At its fifth anniversary, the BART extension through the Peninsula to San Francisco International Airport rates kind words for a healthy gain in ridership. Average weekday passengers to SFO topped 10,000 for the first time since the airport station opened in June 2003 — a 65 percent increase from the station’s first full month of operation.
Of course, historically high gasoline prices have helped push BART ridership to unprecedented numbers throughout the regional railway. From June 23 to June 29 BART carried 2,317,800 passengers, its highest-ever weekly total.
But there is something especially satisfying about the latecomer SFO extension finally starting to reach its promised popularity, after an often controversial and long-disappointing impact. The Colma station opened the way to the Peninsula in February 1996 and for eight years the tunneling to the airport enraged neighbors. Meanwhile, intense political struggles to assemble sufficient funding to finish the job were ongoing and the contractors routinely went over budget.
Transportation leaders promoting the BART/SFO dream projected an average 50,000 weekday riders. But when the complete line finally opened for business in 2003, the national and Bay Area economy were reeling from a double blow of the dot-com bust and post-Sept. 11 travel paranoia. The airport was in doldrums and BART extension ridership was a big disappointment.
But these days, BART has plenty going for it. Aside from runaway gas prices, our regional highway congestion also encourages commuters to switch to public transit. Throughout the years, BART established 95 percent on-time passenger service and an enviable safety record. Low-cost airlines now serving SFO — JetBlue, Southwest and Virgin America — did good business as air travel rebounded.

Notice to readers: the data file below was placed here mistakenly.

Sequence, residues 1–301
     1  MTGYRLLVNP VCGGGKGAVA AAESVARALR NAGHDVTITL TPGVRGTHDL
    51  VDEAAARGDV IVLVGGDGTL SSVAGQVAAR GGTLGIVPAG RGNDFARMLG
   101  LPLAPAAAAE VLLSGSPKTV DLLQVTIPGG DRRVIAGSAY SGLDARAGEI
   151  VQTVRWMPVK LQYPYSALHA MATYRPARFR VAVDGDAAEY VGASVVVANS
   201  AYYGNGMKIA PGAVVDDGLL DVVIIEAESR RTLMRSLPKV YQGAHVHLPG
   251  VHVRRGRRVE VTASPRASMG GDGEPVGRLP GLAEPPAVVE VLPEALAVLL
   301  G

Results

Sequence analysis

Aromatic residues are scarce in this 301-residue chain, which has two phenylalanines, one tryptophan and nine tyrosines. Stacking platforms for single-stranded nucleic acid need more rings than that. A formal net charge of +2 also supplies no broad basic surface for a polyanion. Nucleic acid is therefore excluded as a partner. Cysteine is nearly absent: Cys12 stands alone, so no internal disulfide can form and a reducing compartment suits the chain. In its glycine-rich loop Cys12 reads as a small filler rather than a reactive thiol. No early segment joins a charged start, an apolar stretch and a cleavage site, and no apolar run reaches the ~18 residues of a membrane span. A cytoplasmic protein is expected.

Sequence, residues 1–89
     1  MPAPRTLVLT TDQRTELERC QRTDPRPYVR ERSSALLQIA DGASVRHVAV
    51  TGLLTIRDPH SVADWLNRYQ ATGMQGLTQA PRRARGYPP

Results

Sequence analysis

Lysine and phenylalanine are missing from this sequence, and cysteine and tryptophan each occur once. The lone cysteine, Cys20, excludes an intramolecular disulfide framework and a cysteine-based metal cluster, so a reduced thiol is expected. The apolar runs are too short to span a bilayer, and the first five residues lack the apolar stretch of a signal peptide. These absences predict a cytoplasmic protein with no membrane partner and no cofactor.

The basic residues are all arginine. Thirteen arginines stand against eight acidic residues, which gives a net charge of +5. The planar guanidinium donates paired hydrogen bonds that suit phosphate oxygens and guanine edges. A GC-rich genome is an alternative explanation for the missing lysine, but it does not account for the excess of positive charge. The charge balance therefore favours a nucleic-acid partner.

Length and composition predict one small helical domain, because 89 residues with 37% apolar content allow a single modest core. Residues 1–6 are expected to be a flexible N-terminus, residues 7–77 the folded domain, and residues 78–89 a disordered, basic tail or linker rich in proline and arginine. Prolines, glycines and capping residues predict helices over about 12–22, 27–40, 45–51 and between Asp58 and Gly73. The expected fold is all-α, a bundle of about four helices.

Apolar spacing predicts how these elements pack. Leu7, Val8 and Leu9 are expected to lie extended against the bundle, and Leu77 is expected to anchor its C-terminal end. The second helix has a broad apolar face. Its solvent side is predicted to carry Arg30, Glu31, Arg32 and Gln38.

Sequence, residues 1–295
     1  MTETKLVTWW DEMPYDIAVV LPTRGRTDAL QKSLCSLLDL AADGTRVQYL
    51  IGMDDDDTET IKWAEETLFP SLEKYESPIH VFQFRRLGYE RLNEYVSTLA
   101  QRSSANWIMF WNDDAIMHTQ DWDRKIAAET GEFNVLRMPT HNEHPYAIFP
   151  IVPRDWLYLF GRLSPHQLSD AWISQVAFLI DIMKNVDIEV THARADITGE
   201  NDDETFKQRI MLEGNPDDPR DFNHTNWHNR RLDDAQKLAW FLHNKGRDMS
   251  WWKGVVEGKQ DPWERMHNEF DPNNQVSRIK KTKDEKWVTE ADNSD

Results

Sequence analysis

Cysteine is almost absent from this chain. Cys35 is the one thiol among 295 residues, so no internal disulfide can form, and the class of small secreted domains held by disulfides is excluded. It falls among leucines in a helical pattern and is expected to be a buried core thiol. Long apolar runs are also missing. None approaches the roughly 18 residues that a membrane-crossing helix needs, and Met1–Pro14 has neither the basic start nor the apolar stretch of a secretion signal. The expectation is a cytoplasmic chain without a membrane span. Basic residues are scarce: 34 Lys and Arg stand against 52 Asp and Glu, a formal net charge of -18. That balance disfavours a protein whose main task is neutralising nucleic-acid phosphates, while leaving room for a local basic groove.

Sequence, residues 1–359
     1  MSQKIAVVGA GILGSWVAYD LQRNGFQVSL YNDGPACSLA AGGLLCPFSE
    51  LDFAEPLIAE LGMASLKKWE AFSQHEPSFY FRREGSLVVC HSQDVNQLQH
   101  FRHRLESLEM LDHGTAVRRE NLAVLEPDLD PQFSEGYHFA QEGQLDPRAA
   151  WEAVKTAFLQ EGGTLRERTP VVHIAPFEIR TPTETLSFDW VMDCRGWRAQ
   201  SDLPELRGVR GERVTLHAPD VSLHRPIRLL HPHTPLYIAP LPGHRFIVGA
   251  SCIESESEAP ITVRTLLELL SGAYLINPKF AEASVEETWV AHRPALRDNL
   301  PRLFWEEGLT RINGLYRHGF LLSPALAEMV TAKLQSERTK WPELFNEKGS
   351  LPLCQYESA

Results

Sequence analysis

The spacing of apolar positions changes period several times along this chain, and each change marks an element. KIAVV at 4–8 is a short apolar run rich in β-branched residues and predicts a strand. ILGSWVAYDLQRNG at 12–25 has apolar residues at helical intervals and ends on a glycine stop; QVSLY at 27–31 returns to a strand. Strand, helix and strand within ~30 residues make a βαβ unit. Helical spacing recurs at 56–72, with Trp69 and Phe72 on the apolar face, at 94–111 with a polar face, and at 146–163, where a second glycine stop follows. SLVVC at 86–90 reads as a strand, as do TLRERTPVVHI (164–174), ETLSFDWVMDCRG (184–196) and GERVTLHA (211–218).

BART and SamTrans settled their long-running dispute about cost obligations and got divorced, so BART was finally able to increase off-hour services by one-third, attracting more passengers. The SFO extension also began offering cheap, convenient long-term airport parking in the Millbrae station garage for $6 perday.
BART officials are particularly proud of their marketing outreach to SFO’s growing percentage of European visitors, who are drawn to the bargains newly available for their euro currency against the weak U.S. dollar. BART became the only American transit agency selling Europeans BART passes online when they book travel plans via Travelocity.com, Expedia.com or Orbitz.com.
Naturally, it also had to help that after five years in operation, many more passengers have heard about the SFO service. But whatever the causes, we are just pleased that the BART airport extension has finally hit its stride and is closing in on that long-sought 50,000 weekday ridership.